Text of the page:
Wednesday, August 28, 2013

Waiting on Wednesday - Elizabeth of York: A Tudor Queen and Her World

Waiting on Wednesday is a weekly event that is hosted by Jill at Breaking the Spine and spotlights upcoming releases that we’re eagerly anticipating.
Hardcover, 608 pages
Expected publication: December 3rd 2013 by Ballantine Books

Many are familiar with the story of the much-married King Henry VIII of England and the celebrated reign of his daughter, Elizabeth I. But it is often forgotten that the life of the first Tudor queen, Elizabeth of York, Henry’s mother and Elizabeth’s grandmother, spanned one of England’s most dramatic and perilous periods. Now New York Times bestselling author and acclaimed historian Alison Weir presents the first modern biography of this extraordinary woman, whose very existence united the realm and ensured the survival of the Plantagenet bloodline.

Her birth was greeted with as much pomp and ceremony as that of a male heir. The first child of King Edward IV, Elizabeth enjoyed all the glittering trappings of royalty. But after the death of her father; the disappearance and probable murder of her brothers—the Princes in the Tower; and the usurpation of the throne by her calculating uncle Richard III, Elizabeth found her world turned upside-down: She and her siblings were declared bastards.

As Richard’s wife, Anne Neville, was dying, there were murmurs that the king sought to marry his niece Elizabeth, knowing that most people believed her to be England’s rightful queen. Weir addresses Elizabeth’s possible role in this and her covert support for Henry Tudor, the exiled pretender who defeated Richard at the Battle of Bosworth and was crowned Henry VII, first sovereign of the House of Tudor. Elizabeth’s subsequent marriage to Henry united the houses of York and Lancaster and signaled the end of the Wars of the Roses. For centuries historians have asserted that, as queen, she was kept under Henry’s firm grasp, but Weir shows that Elizabeth proved to be a model consort—pious and generous—who enjoyed the confidence of her husband, exerted a tangible and beneficial influence, and was revered by her son, the future King Henry VIII.

Drawing from a rich trove of historical records, Weir gives a long overdue and much-deserved look at this unforgettable princess whose line descends to today’s British monarch—a woman who overcame tragedy and danger to become one of England’s most beloved consorts.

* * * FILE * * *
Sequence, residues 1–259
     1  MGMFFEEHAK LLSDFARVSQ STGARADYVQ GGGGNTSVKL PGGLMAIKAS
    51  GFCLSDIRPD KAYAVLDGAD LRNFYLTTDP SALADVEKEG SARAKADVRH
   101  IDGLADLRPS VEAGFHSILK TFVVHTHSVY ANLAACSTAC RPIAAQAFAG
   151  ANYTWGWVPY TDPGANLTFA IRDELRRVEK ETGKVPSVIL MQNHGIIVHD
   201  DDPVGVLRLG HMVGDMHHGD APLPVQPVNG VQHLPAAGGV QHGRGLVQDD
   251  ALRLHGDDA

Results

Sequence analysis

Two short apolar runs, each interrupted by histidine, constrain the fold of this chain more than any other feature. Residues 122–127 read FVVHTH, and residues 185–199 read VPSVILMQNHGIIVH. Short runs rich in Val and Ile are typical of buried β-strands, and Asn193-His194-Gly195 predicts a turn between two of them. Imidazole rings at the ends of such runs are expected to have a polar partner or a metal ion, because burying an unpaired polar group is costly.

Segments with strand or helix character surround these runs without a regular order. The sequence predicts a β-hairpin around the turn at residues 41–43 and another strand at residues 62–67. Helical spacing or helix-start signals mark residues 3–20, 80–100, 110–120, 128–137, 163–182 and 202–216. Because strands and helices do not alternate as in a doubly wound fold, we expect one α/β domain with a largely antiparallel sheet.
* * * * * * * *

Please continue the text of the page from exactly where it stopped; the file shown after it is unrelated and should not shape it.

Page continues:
Wednesday, August 21, 2013

The Age of Desire by Jennie Fields (Book Tour)


 click on banner for list of stops on this tour


For fans of The Paris Wife, a sparkling glimpse into the life of Edith Wharton and the scandalous love affair that threatened her closest friendship.

They say that behind every great man is a great woman. Behind Edith Wharton, there was Anna Bahlmann—her governess turned literary secretary and confidante. At the age of forty-five, despite her growing fame, Edith remains unfulfilled in a lonely, sexless marriage. Against all the rules of Gilded Age society, she falls in love with Morton Fullerton, a dashing young journalist. But their scandalous affair threatens everything in Edith’s life—especially her abiding ties to Anna.

At a moment of regained popularity for Wharton, Jennie Fields brilliantly interweaves Wharton’s real letters and diary entries with her fascinating, untold love story. Told through the points of view of both Edith and Anna, The Age of Desire transports readers to the golden days of Wharton’s turn-of-the century world and—like the recent bestseller The Chaperone—effortlessly re-creates the life of an unforgettable woman.

 


 What an interesting story.  It did take me a little bit to get into this book, once I got used to the writing style I did enjoy it.  To be very honest I never knew who Edith Wharton was until I read this book and I found myself lost in the story on many occasions.  This is also my first book by Jennie Fields.

I am not a big romance fan, this book I would not really label as romance.  Though it is about Edith's love affair with Morton Fullerton, I felt there was more to it.  And I really dislike saying too much of what happens in the book for fear of giving too much of the story away.

If the authors intent was to portray Edith as lonely, confused, selfish, insensitive and lacking compassion then she did a wonderful job.  Again I know nothing of Edith and this could very well be what she was like.  At times she was like a teenager, 'write me', 'don't write me', 'why isn't he writing'?  'Should I'? 'shouldn't I'?   She lived a glamorous life but still a very unhappy person and at times I did not like her.

Anna, her secretary was compassionate and caring. At times I was hoping something would happen between her and Teddy (Edith's husband).  

Jennie Fields did a wonderful job of bringing to life the early 1900's, from Paris to the United States she showed the social side of life for those with money and time.  She also showed a society that didnt grasp mental illness and the affect it had on family members and friends.  

I really liked how real letters and diary entries played into this book, brought more emotion to the story.  This book would appeal to those that like historical fiction based on real people.  The author was able to capture what life was like during this time period.




About the Author